If you are a diehard kayak angler, you often find yourself lying awake at night during the spring and fall, dreaming about all of the water in the Carolinas and wondering when you’ll find the time to fish all of it.
Most don’t do that this month. In August, you look at the thermometer and wish there were a couple of places you could go where you could catch a couple of fish without boiling them in the hot water.
Kayak anglers who fish through the winter understand that only about 10 percent of the water is going to hold 90 percent of the fish. The same can be said for the summer, and looking at things from the fish’s perspective is the first step this month.
Here are a few suggestions on where kayak anglers can find the best fishing during the dog days:
The term “water-inflow areas” covers a broad spectrum of scenarios, but in this case, it refers to areas where water is entering a larger body of water. Typically, this includes tributary creeks and tailrace areas from an adjacent body of water.
The common factor is better water quality derived from cooler water entering a lake. Cooler may be a relative term; two or three degrees can make a big difference to the fish. In the case of a tailrace where water is released from the depths of an upper lake, that difference might be 10 to 15 degrees or more. Incoming water will also contain more dissolved oxygen from turbulence, and that will draw both forage and their predators.
Because August tends to be more drought-prone than any other time, low water levels may expose shoals or rocks that prevent access from larger boats, making the go-anywhere, car-top kayak the perfect vessel. A word of caution; however, in water-release areas, turbulence and water flow can come on quickly and cause unsafe conditions in a matter of minutes. Always check with local authorities for water-release schedules and heed warnings before water releases.
Heading to the coast, tidal flows move large amounts of saltwater, even in the back reaches of marsh areas, but August is typically a better time to fish near the ocean and off the beach. Like freshwater inflows, ocean water coming in brings better water quality and frequently, better fishing.
Some kayakers may prefer to go with the flow and fish with the current, while others may prefer to anchor and spot-fish certain areas. These areas require some advanced skill levels, especially where strong currents and undertows are involved, so it’s best to fish with a buddy and utilize proper safety measures when tackling the open ocean and inlets.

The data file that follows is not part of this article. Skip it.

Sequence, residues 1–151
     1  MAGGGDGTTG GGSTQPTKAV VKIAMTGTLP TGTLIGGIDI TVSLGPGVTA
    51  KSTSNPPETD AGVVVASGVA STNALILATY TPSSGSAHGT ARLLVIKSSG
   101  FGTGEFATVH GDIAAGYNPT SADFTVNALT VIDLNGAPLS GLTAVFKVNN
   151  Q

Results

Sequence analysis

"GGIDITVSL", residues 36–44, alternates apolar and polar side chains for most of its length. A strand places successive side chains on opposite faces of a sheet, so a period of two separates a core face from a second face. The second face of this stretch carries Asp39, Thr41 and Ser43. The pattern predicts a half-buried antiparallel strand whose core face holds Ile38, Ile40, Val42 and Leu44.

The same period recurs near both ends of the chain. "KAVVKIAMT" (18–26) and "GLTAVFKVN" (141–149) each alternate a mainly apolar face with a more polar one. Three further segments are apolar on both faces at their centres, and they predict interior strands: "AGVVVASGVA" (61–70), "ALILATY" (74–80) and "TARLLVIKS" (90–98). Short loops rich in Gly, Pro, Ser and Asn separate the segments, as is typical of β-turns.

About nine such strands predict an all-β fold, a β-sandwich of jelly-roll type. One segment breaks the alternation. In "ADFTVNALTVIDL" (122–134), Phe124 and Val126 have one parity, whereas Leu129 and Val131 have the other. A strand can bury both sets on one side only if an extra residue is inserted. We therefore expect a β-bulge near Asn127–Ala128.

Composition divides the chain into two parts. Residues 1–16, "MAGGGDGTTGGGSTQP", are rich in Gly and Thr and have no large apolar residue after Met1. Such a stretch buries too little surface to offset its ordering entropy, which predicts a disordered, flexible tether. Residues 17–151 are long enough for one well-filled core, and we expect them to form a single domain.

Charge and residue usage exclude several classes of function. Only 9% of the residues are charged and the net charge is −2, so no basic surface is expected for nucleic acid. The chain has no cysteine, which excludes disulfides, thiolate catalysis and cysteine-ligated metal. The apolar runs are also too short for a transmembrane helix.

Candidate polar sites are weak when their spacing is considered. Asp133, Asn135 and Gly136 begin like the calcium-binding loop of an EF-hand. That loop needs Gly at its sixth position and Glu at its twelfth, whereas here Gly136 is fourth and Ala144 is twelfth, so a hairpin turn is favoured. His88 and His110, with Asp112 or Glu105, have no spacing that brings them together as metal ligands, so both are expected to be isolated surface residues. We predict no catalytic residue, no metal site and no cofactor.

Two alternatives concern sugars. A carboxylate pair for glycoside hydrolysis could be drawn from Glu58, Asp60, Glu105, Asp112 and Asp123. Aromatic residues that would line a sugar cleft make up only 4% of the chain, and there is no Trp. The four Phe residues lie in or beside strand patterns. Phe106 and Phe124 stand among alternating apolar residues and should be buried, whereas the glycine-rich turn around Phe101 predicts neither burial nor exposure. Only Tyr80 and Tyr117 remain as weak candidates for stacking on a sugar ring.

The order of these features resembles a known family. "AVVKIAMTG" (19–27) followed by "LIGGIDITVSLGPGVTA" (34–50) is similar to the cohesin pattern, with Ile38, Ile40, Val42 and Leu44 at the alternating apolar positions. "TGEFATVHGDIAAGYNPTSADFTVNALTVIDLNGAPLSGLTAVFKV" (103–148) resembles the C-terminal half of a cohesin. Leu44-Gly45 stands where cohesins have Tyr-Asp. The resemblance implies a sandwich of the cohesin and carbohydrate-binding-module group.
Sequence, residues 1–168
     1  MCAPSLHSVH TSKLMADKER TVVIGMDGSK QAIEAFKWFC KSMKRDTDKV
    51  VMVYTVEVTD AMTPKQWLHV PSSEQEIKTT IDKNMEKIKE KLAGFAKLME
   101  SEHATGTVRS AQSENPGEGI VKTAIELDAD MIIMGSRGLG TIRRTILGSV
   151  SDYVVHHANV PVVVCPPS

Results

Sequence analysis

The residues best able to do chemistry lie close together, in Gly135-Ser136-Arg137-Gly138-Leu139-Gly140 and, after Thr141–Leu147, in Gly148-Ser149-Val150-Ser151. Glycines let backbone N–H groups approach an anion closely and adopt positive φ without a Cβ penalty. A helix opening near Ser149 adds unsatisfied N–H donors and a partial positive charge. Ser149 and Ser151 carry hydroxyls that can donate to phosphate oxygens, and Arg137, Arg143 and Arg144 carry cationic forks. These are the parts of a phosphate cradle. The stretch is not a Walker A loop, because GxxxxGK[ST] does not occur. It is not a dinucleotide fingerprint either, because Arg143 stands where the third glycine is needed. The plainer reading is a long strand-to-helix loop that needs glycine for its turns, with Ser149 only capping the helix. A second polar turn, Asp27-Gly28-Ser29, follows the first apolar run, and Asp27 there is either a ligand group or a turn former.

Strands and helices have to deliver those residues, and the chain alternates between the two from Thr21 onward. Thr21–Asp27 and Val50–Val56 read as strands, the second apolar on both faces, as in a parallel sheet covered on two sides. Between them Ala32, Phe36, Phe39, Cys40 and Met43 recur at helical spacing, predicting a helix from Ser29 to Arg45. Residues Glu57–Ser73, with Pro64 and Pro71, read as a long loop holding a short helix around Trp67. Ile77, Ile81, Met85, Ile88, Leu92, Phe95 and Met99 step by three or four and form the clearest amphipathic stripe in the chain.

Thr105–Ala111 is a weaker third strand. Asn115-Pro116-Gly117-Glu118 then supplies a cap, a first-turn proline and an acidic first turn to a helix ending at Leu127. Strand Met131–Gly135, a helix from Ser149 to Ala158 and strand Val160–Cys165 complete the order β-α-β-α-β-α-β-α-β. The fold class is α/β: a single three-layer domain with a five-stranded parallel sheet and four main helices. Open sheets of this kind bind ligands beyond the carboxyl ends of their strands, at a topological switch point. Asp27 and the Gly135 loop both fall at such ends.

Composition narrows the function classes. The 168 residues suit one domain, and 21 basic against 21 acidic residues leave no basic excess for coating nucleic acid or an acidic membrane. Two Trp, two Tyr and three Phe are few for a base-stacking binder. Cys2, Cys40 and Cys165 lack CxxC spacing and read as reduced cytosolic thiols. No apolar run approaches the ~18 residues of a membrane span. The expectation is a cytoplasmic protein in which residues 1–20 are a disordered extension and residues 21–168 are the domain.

August is also a great time to fish one of the many river systems that stretch across the Carolinas. River fish, whether bass, panfish, catfish or even saltwater species in brackish areas, will pick ambush spots out of the direct flow of water and attack prey that moves the current past.
Float-tripping from one spot to another downstream will require some coordination — at least two vehicles and at least one more angler — but it can provide some great fishing with very little paddling involved. Simply go with the flow, stopping along the way to fish likely areas, and you don’t have to paddle back upstream against the current.
The last suggestion has nothing to do with moving water but has a lot to do with fishing high success areas. Few areas offer more confidence fishing that small ponds, lakes or lagoons.
Fishing in a small, landlocked area offers the kayak angler confidence that the fish are there; you just have to figure out how to get them to bite. Even though a pond, either saltwater or freshwater, may appear to be relatively stagnant, finding water-inflow areas is probably going to show a hot spot on that body of water. Another suggestion is to look for the deepest area of the pond and fish low and slow in the deeper water. Fishing these areas early in the day, late in the day, or even at night can also produce better results
Whether you are fishing saltwater or freshwater, it’s hard to beat live baits when the water is hot. Once water temperatures reach 80, both saltwater and freshwater fish can become sluggish. Few will chase an artificial bait, so presentations need to be slowed down and baits put right on the fish. Take advantage of any stained or turbid water created by moving water and use that to your advantage to trick fish with artificial lures.
Finally, fatal accidents involving kayakers and kayak anglers have been in the news this summer. The unfortunate common denominator in these events was paddlers who were not wearing PFDs.
Hot weather and warm water is no excuse for not wearing a PFD. Having it in the boat will not save you in a situation that occurs before you have time to react. Summer is also a great time to practice safety skills that can be used year-round, especially rolling your boat and getting it turned back over in deep water.